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6 - Psychotic depression

from Section 2 - Medical management

Published online by Cambridge University Press:  05 May 2013

J. John Mann
Affiliation:
Columbia University, New York
Patrick J. McGrath
Affiliation:
Columbia University, New York
Steven P. Roose
Affiliation:
Columbia University, New York
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Summary

Multiple studies have demonstrated that psychotic major depression (MDpsy) occurs more frequently in bipolar than in unipolar depression. Most MDpsy patients receive acute treatment on inpatient services. Management begins with establishing the diagnosis. DSM-IV recognizes that depression may occur during the prodromal, active, and residual phases of schizophrenia, and limits MDpsy to patients whose episodes of psychosis occur exclusively during episodes of major depressive disorder (MDD). An appropriate goal of acute treatment is to achieve both the remission of major depression and the resolution of delusional ideas. Remarkably little systematic data is available to guide continuation treatment to prevent relapses in the 4-6 months following remission and no studies are available on the prevention of recurrences after 6 months. The outcomes of untreated or inadequately treated MDpsy are poor, with high rates of suicide attempts, recurrences, and residual disability.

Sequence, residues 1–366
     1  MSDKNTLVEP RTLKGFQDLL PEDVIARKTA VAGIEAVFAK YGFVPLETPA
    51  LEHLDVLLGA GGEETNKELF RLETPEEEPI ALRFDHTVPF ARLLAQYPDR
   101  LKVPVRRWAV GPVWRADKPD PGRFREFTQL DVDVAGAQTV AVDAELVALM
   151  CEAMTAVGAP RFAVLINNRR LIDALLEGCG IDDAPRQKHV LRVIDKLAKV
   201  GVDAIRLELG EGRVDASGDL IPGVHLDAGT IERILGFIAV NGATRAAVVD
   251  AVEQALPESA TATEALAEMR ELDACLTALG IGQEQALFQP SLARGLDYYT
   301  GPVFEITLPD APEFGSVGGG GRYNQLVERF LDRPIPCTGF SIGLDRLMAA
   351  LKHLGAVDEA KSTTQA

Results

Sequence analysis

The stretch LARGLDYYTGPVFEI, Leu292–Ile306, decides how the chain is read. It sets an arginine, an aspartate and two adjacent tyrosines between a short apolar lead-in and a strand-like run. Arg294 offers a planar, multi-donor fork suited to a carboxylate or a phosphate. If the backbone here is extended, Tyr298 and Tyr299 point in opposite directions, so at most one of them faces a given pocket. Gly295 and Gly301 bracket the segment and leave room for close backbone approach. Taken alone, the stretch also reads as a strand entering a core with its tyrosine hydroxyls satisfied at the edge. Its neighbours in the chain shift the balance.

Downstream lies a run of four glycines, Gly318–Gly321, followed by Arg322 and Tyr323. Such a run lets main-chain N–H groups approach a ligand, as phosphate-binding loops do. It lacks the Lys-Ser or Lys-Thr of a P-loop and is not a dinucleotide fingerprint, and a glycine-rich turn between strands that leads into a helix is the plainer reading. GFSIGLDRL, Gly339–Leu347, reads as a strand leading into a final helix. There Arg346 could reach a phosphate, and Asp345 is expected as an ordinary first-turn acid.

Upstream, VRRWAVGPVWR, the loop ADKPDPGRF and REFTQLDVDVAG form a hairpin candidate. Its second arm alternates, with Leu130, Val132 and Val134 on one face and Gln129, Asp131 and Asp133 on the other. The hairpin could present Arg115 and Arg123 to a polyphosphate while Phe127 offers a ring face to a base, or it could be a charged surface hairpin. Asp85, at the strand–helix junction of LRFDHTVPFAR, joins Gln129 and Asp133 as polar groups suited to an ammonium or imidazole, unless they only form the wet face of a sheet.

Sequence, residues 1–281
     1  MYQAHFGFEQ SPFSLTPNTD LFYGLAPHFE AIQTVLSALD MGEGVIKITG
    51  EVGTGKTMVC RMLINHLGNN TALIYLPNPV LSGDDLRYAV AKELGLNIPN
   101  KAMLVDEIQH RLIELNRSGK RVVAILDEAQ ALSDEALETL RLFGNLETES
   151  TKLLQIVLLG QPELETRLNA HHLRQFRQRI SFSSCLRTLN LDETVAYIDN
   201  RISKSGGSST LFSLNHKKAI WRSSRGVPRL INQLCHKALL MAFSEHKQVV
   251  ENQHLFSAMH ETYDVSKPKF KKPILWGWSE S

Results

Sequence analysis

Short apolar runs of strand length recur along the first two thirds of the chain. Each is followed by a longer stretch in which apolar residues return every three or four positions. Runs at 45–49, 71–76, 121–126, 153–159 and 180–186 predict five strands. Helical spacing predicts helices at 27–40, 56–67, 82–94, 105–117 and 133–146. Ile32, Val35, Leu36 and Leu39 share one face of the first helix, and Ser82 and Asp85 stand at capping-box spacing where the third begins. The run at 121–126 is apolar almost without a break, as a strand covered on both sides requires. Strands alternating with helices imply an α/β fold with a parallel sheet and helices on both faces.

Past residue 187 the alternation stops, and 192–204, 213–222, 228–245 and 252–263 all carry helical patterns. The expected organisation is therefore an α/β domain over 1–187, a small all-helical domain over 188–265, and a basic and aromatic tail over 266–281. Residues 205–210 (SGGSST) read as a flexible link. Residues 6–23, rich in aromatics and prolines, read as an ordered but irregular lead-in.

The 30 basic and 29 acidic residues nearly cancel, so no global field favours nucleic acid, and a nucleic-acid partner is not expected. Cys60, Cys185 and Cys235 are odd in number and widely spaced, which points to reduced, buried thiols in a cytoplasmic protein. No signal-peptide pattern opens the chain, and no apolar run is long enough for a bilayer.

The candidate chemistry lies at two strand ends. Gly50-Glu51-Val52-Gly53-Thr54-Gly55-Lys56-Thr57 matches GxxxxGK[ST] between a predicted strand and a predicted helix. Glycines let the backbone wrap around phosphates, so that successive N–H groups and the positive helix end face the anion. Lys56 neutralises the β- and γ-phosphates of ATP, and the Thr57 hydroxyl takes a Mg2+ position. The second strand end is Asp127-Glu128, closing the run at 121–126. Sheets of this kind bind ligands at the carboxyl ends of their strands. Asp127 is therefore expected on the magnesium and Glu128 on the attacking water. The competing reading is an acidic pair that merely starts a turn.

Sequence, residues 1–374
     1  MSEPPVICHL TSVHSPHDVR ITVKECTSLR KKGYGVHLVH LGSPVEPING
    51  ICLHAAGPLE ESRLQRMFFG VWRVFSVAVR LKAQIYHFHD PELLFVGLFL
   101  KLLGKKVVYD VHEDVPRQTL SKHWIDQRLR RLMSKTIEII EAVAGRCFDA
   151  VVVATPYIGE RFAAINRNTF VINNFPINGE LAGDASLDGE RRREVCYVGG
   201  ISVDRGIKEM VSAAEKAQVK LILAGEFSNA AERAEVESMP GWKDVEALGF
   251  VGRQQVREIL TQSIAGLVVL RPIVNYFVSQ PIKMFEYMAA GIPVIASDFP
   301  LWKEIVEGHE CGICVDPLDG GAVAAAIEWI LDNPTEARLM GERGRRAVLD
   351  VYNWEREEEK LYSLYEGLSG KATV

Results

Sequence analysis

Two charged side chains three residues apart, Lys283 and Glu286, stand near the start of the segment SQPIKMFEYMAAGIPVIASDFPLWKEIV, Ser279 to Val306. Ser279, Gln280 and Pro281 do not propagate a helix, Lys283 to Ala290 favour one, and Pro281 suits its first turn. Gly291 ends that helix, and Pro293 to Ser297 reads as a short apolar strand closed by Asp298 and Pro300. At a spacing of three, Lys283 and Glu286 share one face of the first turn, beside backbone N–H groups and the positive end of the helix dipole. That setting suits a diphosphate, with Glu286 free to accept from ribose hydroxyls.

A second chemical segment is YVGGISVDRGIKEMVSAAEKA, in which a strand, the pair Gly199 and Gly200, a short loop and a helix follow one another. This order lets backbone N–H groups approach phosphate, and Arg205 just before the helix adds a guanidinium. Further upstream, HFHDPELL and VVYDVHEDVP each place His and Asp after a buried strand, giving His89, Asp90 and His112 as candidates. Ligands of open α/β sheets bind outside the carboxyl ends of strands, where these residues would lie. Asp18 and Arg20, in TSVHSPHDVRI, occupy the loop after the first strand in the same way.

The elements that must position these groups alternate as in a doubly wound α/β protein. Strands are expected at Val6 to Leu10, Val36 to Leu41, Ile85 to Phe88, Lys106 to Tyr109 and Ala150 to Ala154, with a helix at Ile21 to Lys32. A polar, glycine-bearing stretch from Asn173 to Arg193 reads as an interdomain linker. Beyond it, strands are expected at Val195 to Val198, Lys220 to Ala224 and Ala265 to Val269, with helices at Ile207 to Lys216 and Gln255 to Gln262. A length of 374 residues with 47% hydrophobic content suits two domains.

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Publisher: Cambridge University Press
Print publication year: 2013

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